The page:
Except maybe Iceland’s.

I often get asked these kinds of questions: Should I start/stop feeding my bees now? Is now a good time to add/remove honey supers? Should I wrap/unwrap my hives now? My answer is I don’t know what anyone should do right now because no one else has their bees in the specific micro-climate of my backyard, where it might be warmer, colder, sunnier, or shadier than your backyard. 10 million flowers could be in bloom in the area of my beehives and only a million might be in bloom in the area of your hives. My bees might not be able to forage often because of strong winds, whereas yours could be foraging all the time in a sheltered glade. All of these local environmental conditions effect the health of a honey bee colony, which determines when and what individual beekeepers can do with their bees.

Just because some beekeeper in California can build up a three-deep colony with foundationless frames from a nuc in two months doesn’t mean I can do it here in Newfoundland. Just because some beekeeper in the cold windy prairies wraps their hives for winter doesn’t mean I need to wrap my hives in a sheltered wooded area. The same can be said about a beekeeper down the road from me. When someone says that all beekeeping is local beekeeping, that’s what they mean. As much as we’d like to know exactly what to do and when to do it, beekeeping just doesn’t work that way. Not from what I can tell.

4 thoughts on “All Beekeeping is Local Beekeeping

  1. With your observation that all beekeeping is local beekeeping; what are your thoughts on the recent announcement that honeybees will be imported from Western Australia, to Newfoundland?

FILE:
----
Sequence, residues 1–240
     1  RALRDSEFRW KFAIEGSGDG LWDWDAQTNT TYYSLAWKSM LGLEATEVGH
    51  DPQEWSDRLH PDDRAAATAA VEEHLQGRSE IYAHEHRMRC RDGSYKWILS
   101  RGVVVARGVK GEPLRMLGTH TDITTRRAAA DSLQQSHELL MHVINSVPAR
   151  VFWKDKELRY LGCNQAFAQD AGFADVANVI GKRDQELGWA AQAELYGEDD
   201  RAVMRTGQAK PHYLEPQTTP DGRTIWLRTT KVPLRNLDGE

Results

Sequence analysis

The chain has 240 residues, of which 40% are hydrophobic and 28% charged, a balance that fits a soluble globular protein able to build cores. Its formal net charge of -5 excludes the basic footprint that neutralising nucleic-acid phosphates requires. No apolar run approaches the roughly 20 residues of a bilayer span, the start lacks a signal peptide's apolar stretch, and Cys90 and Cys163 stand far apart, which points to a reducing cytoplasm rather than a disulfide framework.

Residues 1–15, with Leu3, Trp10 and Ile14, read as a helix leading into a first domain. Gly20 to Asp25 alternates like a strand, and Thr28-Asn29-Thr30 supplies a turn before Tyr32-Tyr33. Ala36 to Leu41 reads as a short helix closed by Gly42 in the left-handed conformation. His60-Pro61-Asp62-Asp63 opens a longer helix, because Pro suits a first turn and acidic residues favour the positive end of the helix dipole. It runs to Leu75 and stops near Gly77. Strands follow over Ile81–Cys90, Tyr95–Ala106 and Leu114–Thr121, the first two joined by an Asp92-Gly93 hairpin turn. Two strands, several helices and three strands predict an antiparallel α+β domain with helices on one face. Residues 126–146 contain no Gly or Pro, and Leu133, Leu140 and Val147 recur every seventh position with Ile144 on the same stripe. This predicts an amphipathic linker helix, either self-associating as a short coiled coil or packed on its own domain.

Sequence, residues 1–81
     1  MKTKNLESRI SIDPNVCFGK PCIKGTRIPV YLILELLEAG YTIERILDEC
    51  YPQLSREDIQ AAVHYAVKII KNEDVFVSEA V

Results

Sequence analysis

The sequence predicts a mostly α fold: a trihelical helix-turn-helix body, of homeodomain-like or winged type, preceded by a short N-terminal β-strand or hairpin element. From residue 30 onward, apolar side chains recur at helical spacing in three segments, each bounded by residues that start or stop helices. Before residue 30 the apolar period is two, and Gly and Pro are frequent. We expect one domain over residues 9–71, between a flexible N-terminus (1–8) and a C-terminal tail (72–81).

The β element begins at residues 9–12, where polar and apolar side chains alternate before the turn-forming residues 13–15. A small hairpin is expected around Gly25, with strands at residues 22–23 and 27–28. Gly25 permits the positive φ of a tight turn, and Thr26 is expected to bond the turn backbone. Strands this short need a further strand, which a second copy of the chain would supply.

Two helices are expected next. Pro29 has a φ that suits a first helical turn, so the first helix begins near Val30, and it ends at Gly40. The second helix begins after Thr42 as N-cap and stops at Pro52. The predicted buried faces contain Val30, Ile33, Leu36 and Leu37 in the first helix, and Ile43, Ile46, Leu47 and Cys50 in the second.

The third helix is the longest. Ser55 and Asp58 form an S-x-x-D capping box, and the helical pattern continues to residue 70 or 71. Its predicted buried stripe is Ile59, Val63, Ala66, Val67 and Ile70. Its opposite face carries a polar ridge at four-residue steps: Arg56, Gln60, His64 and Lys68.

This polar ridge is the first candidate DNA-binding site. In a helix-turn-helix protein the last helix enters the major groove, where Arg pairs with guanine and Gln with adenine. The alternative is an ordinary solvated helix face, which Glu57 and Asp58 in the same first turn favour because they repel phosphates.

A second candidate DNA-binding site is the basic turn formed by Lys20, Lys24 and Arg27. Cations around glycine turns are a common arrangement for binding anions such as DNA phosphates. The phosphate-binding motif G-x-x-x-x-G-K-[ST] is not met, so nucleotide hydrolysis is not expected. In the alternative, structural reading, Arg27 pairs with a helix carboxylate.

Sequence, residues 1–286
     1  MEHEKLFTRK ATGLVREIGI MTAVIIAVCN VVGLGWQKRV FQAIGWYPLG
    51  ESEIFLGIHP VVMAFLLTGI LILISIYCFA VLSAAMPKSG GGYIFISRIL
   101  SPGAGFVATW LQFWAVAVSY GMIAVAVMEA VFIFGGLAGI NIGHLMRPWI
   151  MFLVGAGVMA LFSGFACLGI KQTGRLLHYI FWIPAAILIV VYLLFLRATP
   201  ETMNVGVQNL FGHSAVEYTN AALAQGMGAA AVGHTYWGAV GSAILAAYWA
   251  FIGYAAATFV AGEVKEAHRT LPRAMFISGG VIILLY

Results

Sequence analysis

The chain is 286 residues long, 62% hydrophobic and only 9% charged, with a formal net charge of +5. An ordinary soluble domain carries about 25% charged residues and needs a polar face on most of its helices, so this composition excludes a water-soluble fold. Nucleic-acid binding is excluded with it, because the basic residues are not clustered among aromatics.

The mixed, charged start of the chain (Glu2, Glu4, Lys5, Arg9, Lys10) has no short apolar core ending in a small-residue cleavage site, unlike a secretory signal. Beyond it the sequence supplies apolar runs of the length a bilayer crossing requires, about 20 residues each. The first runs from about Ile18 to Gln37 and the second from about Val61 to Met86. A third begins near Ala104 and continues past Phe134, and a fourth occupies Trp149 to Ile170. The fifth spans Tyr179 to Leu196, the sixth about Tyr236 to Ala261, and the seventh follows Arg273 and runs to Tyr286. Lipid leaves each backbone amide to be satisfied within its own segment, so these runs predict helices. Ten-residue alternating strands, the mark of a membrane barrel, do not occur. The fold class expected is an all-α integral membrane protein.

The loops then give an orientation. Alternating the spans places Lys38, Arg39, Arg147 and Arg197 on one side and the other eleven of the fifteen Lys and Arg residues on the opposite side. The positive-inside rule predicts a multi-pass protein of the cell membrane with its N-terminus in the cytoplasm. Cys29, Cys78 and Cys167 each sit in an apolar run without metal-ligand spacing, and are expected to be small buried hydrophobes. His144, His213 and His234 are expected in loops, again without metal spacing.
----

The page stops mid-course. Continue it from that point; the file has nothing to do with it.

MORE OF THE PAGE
Personally, as a beekeeper, I am disappointed in this announcement , I’m sure Western Australia would not allow imports from Newfoundland, and for good reasons from their perspective. Do you suppose any beekeepers were surveyed on this decision ?
    I appreciate your work,

  2. Hi Howie,

    I spent my first year of beekeeping in 2010-11 trying to follow the example of beekeepers in California and learned the hard way that Newfoundland is not California, that all beekeeping is local beekeeping. I first heard the phrase from Rusty Burlew, though she’s not the first to emphasize the importance of local conditions in one’s beekeeping methods and decisions.

    As for the importation of honey bees into Newfoundland from Western Australia (here’s an article from the CBC), if I’d had a vote on the matter, I would have voted against it. I would have encouraged the build up of colonies through the use of the disease-free honey bees already present on the island — the way it’s been done by most NL beekeepers in a safe and self-sustaining manner for years. But I suspect the opinions of people motivated by large-scale commercial interests will speak louder than my view on the matter.